Tech­nique

6 top tips to help you up­grade your cat­e­gory, win a race or sim­ply ride with ease

Canadian Cycling Magazine - - CONTENTS - by Peter Glass­ford

Gain­ing the last 10 per cent

No mat­ter how fit and skilled you are as a bike rider, you prob­a­bly wouldn’t mind 10 per cent more speed, wattage and com­fort on the bike. Top rac­ers want more vic­to­ries, while leisure rid­ers want more long days with great con­ver­sa­tion. For new cy­clists, get­ting faster is easy: ride more, any­thing works. As we gain fit­ness, each ad­di­tional per­cent­age of im­prove­ment is harder to gain. For most of my clients, and likely for you, it’s not a ge­netic lim­i­ta­tion that causes fit­ness to stag­nate. Rather, it’s a limit on how many hours you can de­vote to rid­ing among other life com­mit­ments. Since you can’t ride for more hours each week, you must start think­ing about train­ing dif­fer­ently to un­lock the 10 per cent be­tween you and your goal per­for­mance. Stand up What do you see when you watch a race start, a hard hill climb, an at­tack or a fi­nal sprint? You see rid­ers out of the sad­dle. How of­ten do you prac­tise that type of pedalling and ath­letic ex­plo­sive­ness? This tech­nique is the key to get­ting to the sin­gle­track ahead of a slow rider, to climb­ing faster, mak­ing a break­away or cross­ing the fin­ish line first. Rid­ing out of the sad­dle will even help you ride com­fort­ably for more hours by giv­ing your butt, and seated pedalling mus­cles, a break.

Eat well Eat a va­ri­ety of foods and make veg­eta­bles a big part of your diet. A poor diet will af­fect en­ergy pro­duc­tion, cog­ni­tion, re­ac­tion time, re­cov­ery, sleep and, yes, your power to weight ra­tio (even if you do more suf­fer-videos). Start with habits and easy sub­sti­tu­tions. Have a bed­time tea in­stead of dessert, sweet pota­toes in­stead of white pasta and a veg­gie omelette in­stead of sug­ary ce­real. You can eat ev­ery­thing, but en­sure you eat pri­mar­ily the foods that will make you healthy and fast.

Turn off screens With­out fail my busy cy­clist clients are push­ing the lim­its of what they can do dur­ing their wak­ing hours. Busy peo­ple rarely want to sleep more. If you can’t find a way to sleep more, try in­creas­ing sleep qual­ity. Stop eat­ing an hour or two be­fore bed. In­stead, spend that pe­riod wind­ing down in dim light (per­haps with a loved one).

Write down ev­ery­thing you are think­ing about and take an ex­tra step by sched­ul­ing when you will work on those things. Set out clothes and gear for the next day. Avoid bright lights and screens, not just to keep away from the mela­tonin-sup­press­ing beams, but to avoid get­ting stressed by some­one’s ill-timed email. It can wait till the morn­ing. Limit watch­ing TV to ear­lier in the evening, be­fore your wind-down rou­tine. Set up a timer on the TV, which makes it more in­con­ve­nient to binge-watch an en­tire se­ries on Net­flix. On week­ends, boost your train­ing adap­ta­tions by nap­ping for 30 min­utes af­ter your big work­outs.

“Avoid bright lights and screens, not just to keep away from the mela­tonin-sup­press­ing beams, but to avoid get­ting stressed by some­one’s ill-timed email. It can wait till the morn­ing.”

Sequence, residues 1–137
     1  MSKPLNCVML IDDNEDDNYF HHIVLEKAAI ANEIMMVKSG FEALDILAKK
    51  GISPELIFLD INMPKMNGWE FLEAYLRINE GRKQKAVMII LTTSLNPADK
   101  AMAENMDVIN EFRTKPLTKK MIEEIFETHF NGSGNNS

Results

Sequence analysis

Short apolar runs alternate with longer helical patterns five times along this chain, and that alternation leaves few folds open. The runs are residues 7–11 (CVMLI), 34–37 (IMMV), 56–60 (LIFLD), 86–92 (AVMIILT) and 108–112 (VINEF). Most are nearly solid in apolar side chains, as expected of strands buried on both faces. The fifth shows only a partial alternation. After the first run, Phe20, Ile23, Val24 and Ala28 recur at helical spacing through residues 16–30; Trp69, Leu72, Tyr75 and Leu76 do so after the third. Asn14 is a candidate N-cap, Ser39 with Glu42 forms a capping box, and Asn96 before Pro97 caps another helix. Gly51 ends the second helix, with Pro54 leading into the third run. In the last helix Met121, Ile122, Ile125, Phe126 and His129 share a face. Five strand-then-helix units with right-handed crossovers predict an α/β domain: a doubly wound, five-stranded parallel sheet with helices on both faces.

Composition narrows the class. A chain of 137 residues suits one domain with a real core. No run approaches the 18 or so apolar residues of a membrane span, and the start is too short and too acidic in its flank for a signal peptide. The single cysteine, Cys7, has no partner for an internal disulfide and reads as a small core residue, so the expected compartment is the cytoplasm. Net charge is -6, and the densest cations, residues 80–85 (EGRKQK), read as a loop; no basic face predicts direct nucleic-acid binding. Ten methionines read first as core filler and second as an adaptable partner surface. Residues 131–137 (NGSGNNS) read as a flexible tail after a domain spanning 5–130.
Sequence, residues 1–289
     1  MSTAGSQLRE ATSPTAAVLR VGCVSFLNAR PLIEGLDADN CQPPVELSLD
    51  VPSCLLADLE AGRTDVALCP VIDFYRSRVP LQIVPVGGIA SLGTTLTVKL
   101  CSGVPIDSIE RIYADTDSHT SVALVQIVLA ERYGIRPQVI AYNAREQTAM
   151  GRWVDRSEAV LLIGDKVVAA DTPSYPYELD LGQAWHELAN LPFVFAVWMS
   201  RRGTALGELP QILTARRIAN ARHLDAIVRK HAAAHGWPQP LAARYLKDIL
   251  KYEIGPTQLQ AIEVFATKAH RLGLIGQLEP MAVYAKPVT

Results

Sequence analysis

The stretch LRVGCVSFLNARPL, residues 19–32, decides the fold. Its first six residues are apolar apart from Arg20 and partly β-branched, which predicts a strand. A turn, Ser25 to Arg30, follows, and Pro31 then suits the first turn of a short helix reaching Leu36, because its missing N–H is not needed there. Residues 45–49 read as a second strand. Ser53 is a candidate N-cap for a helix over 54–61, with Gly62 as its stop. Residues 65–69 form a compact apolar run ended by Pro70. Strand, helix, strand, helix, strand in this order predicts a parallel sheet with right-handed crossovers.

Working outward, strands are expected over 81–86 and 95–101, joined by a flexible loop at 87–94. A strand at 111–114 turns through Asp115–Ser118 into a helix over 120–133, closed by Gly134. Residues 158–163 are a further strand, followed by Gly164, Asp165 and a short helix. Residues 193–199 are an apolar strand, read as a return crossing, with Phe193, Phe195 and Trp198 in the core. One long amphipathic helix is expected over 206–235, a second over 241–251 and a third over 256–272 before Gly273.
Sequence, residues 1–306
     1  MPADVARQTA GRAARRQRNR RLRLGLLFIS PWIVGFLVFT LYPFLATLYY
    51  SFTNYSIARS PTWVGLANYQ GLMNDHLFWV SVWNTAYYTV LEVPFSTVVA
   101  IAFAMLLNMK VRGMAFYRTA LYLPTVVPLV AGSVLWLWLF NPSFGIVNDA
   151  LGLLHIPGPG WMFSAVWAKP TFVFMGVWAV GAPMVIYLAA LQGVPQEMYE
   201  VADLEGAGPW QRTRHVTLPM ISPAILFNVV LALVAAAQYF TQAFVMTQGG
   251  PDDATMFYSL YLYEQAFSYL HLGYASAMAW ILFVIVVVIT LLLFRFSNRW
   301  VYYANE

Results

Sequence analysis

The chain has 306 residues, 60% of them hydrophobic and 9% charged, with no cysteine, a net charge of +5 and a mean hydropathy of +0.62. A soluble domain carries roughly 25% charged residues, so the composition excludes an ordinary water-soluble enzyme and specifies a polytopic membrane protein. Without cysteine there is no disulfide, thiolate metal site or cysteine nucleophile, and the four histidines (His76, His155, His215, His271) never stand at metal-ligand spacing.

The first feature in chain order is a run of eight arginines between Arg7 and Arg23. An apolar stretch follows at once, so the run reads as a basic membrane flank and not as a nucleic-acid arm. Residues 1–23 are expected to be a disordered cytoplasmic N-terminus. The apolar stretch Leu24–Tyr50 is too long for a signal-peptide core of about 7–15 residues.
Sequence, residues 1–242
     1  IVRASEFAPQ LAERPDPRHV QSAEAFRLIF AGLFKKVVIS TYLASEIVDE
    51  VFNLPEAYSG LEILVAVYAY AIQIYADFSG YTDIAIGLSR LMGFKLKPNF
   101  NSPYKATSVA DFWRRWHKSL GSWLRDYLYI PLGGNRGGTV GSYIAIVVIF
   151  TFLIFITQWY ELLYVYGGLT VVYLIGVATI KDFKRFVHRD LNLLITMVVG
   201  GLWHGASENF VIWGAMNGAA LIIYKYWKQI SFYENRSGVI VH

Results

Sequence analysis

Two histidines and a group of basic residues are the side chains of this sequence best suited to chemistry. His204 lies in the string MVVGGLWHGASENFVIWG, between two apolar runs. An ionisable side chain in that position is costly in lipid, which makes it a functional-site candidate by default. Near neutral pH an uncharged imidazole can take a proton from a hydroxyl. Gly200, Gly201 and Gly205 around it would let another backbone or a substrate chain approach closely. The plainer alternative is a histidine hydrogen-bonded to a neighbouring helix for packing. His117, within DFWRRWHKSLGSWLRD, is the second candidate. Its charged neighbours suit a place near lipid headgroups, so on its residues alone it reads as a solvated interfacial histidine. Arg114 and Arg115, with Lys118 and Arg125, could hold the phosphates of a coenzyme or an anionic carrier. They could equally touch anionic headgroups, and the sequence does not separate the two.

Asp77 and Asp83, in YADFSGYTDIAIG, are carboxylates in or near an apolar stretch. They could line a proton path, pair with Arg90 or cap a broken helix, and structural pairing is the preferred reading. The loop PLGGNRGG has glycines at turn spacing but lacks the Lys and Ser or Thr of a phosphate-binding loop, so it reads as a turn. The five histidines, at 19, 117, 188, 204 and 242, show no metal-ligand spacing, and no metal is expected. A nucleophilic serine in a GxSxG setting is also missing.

Boost your ex­plo­siv­ity I used to hate starts and sprints, so it took me more than 10 years to win a provin­cial moun­tain bike race even though I had enough fit­ness to do it. Even if you only race long-dis­tance events, you need to be able to ac­ti­vate your cy­cling-spe­cific mus­cles ex­plo­sively for climbs, starts, sprints and at­tacks. This ac­ti­va­tion also boosts your en­durance, espe­cially as you start to fa­tigue. In­clude a set or two of very hard, five-to-20-sec­ond sprint ef­forts both stand­ing and seated, year-round. If you are free of in­juries, seated, low r.p.m. ef­forts of one to two min­utes can be hugely per­for­mance-boost­ing, espe­cially if you strug­gle with climb­ing or strug­gle if your cadence goes be­low 90 r.p.m. Strength train­ing off the bike will en­sure you are strong and will help min­i­mize in­juries, and im­prove your on-bike per­for­mance. Work on skills Un­like most other sports, cy­clists gen­er­ally don’t get coach­ing to im­prove their cy­cling skills. Mas­ters swim­mers do drills con­stantly and very of­ten with coach su­per­vi­sion. What would hap­pen if you took a sim­i­lar strat­egy with your cy­cling? Con­sider what has lim­ited you in the past and how you can im­prove it with coach­ing and drills. Com­mon ar­eas to de­velop are cor­ner­ing, pack rid­ing, aero­dy­nam­ics, bunny hop­ping, rid­ing no-handed, stand­ing up and brak­ing.

Ride easy Don’t suf­fer ev­ery day. Just be­cause you have lim­ited train­ing hours, it doesn’t mean all your train­ing should be mod­er­ately hard. Ride easy most days; ride long when you can. Ride with a pur­pose and with in­ten­sity twice a week, on days you’re very rested and not stressed. If you only have one low-stress day, then do one very hard day and ride easy, fo­cused on skill, co-or­di­na­tion and en­durance build­ing, the other days. You will be amazed with this ap­proach, if you com­mit to it. To gain that last 10 per cent im­prove­ment you need to reach your goal, train your lim­i­ta­tions specif­i­cally by max­i­miz­ing your skills, tac­tics and eventspe­cific fit­ness. Think about bike rid­ing as more than just pedalling; train and re­cover in a way that boosts your health and well­ness.

be­low Ev­ery­one stands up to put the power down at the start of the Mont-sainte-anne World Cup

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